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The speed at which e-commerce has been adopted in our society is extremely high. This therefore makes the aspect of ethics in e-commerce essential. E-commerce has created numerous opportunities for customer choice, as well as efficiency in economics. E-commerce is internet-based and so employs diverse technology in its operations. This is what makes it different from other businesses transacted face to face. This technological affiliation of e-commerce makes it to have unique ethics, different from the face-to-face transactions. In this paper, I explain what      e-commerce is and explain its characteristics, which differentiate it from the traditional business. In explaining the ethical foundations of e-commerce, the guiding question is, “How are ethics different in e-commerce?” This already shows that ethics in e-commerce are unique. The major concern will therefore be on those ethical aspects, which bring about the difference. The difference only comes in their manifestation. The conclusion will include a call for further research into establishing the uniqueness of e-commerce ethics, and problems this causes.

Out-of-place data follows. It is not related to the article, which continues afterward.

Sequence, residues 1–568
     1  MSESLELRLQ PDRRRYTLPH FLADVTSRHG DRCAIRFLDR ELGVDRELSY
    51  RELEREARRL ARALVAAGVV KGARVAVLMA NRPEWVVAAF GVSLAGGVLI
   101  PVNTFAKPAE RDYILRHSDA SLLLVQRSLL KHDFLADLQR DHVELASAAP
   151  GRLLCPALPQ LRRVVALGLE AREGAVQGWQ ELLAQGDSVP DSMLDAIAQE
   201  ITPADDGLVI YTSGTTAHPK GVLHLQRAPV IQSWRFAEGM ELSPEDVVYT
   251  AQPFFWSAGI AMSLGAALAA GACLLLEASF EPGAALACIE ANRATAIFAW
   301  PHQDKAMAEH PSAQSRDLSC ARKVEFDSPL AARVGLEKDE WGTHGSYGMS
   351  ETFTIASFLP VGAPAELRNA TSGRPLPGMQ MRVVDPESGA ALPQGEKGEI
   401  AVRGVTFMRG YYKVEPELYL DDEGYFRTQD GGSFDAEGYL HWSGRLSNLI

What is Different about Ethics in E-commerce?

Ecommerce avails an opportunity for business transactions to be conducted electronically through the internet. The business processes including advertisements of products, buying, selling, and paying are done electronically, without physical presence of the buyer and seller. In its nature, e-commerce attracts a great number of people across the world. It has brought efficiency in business, at a reduced rate, since hosting an online business is not expensive. Technology is highly employed in e-commerce, and includes, telephone, and computers (Nardal and Sahin 190).

The utilization of a worldwide internet in e-commerce is advantageous to both consumers and owners of virtual companies. However, the internet presents a new environment, which can easily enhance the violation of ethics in business. Despite the tremendous growth of e-commerce over past years, consumers continue to complain about ethical issues they are faced with. These increased cases of violations of ethics in e-commerce raise concerns whether its unique nature of ethics helps in the propagation of these cases.